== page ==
Kim and Pam Ladd’s book, Happy Hour in the High Peaks, is currently in the research stage. Together they visit pubs, bars and taverns with the goal of selecting the top 46 bars in the Adirondack Park. They regularly report their findings here at the Almanack and at their own blog, or follow them on Facebook, and ADK46barfly on Twitter.


Tuesday, November 1, 2011

Almanack Welcomes Tourism Writer Kimberly Rielly

Please join us in welcoming our newest contributor to Adirondack Almanack, Kimberly Rielly. Rielly is the director of communications for the Lake Placid Convention and Visitors Bureau / Regional Office of Sustainable Tourism, the accredited destination marketing organization (DMO) responsible for promoting the Lake Champlain, High Peaks, Schroon Lake and Whiteface regions of Essex County.



A lifelong resident of the Lake Champlain basin, Rielly will be writing about the destination marketing and planning issues that affect the region’s tourism economy.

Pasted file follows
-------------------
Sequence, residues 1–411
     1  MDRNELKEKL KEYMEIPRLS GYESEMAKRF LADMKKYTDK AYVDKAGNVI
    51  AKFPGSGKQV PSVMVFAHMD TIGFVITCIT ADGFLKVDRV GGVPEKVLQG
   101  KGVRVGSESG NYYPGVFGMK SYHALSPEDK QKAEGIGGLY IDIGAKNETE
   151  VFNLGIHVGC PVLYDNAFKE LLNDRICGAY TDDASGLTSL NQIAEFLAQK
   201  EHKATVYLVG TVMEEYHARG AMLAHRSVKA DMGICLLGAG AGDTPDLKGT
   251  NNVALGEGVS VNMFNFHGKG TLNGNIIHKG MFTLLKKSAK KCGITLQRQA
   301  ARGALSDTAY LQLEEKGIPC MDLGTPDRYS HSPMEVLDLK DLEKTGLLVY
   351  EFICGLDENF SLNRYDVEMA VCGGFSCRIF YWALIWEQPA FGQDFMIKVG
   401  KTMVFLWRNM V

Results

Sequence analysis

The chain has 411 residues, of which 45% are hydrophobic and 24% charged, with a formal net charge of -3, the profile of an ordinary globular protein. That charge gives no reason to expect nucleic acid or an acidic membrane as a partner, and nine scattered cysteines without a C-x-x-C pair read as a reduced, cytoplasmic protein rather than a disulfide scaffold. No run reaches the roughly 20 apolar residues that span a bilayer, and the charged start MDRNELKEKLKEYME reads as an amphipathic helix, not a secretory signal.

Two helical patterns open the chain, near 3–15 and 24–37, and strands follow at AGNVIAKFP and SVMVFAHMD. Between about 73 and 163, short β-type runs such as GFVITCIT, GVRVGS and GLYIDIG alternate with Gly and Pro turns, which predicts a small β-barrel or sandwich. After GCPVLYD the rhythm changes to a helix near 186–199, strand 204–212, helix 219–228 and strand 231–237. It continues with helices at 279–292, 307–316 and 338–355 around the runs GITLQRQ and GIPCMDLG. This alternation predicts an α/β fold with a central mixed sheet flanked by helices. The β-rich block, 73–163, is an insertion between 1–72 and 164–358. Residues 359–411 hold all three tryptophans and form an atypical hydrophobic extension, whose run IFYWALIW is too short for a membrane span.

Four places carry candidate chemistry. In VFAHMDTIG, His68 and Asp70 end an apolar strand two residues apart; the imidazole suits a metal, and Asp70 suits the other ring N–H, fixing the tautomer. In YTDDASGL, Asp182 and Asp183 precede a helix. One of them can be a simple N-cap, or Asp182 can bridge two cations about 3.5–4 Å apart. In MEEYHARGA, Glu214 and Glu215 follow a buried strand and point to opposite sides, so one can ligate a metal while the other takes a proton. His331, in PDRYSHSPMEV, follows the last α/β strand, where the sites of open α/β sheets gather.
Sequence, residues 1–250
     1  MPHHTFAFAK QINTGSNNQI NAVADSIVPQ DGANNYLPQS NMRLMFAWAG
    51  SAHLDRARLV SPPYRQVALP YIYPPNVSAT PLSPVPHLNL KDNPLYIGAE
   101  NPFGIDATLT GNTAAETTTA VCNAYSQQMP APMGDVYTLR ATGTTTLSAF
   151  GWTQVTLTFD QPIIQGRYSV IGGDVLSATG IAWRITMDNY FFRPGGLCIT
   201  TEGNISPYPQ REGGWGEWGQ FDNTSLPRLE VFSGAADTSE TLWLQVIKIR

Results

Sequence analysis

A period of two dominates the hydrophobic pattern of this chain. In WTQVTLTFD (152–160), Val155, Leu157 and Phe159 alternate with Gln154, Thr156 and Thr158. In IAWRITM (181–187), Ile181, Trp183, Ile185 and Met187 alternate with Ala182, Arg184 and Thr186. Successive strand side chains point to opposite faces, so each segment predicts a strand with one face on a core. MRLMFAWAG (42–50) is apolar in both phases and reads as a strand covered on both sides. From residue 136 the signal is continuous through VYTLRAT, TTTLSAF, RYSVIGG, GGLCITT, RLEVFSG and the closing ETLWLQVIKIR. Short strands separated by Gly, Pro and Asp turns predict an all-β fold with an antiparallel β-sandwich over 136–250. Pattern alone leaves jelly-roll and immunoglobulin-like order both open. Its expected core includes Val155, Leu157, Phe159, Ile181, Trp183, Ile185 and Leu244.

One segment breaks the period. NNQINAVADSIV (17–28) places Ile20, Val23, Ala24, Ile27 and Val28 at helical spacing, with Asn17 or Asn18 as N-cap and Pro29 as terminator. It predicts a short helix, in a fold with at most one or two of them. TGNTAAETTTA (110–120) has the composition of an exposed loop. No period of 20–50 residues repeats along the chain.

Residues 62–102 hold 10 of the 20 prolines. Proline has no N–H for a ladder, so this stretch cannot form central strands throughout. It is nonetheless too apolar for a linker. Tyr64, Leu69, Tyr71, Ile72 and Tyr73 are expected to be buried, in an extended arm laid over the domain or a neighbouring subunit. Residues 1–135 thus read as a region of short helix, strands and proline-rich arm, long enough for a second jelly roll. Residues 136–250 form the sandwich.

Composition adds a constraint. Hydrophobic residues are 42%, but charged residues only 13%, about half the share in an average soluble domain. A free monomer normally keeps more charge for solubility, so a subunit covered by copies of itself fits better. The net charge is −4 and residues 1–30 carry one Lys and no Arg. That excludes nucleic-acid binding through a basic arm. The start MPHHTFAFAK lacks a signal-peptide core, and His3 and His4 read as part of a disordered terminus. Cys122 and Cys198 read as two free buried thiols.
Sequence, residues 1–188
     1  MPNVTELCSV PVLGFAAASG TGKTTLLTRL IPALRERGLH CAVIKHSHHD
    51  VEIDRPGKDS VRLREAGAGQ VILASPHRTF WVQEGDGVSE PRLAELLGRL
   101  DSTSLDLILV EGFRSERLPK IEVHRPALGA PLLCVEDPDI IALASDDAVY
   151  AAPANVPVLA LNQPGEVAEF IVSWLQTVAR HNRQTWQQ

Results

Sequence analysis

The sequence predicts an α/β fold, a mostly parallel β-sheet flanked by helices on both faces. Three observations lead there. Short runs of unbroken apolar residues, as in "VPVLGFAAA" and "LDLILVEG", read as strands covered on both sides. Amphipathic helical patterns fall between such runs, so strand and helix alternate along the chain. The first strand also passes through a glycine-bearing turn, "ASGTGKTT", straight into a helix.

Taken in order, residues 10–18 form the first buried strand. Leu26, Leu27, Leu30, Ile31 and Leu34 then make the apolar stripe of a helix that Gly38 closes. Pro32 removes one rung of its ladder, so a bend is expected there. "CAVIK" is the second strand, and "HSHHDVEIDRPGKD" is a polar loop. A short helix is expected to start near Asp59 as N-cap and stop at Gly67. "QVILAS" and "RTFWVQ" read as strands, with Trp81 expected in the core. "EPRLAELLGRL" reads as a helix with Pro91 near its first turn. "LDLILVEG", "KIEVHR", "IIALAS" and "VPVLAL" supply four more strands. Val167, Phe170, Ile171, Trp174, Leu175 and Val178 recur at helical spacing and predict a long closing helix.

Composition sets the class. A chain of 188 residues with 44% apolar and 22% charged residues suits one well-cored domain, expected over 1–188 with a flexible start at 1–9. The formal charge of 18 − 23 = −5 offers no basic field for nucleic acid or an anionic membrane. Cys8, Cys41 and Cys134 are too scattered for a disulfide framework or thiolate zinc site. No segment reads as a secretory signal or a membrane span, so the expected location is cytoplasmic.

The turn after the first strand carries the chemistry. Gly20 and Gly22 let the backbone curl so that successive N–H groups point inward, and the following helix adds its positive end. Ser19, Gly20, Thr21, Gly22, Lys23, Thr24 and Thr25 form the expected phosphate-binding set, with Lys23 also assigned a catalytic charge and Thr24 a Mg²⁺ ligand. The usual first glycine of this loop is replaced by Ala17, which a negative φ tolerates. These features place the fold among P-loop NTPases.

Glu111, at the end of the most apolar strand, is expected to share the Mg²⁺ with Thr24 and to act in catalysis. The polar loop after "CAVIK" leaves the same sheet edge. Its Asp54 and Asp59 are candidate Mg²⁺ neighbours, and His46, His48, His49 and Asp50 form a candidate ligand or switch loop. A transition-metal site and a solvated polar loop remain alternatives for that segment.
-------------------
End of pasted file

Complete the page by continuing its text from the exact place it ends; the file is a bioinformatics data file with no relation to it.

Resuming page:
Tuesday, October 18, 2011

Local Program Hopes to Reduce Energy Use, Create Jobs

With the budgets of villages, towns and municipalities being slashed across the country, two (and more in future) communities in the Adirondack Park are participating in a pilot program that will identify ways they can reduce their energy consumption and carbon footprint, create or retain jobs and save money. The Community Energy Efficiency Management (CEEM) project will include the Towns of Moriah and Schroon Lake, and project managers are talking with other municipalities about participating in the two-year program.

During the program the communities will inventory energy use of municipally-owned structures, transportation and residential buildings, make a plan to identify and prioritize energy saving opportunities, explore financing options, implement energy saving projects, and track energy savings. They will share their experiences with other
communities throughout the process.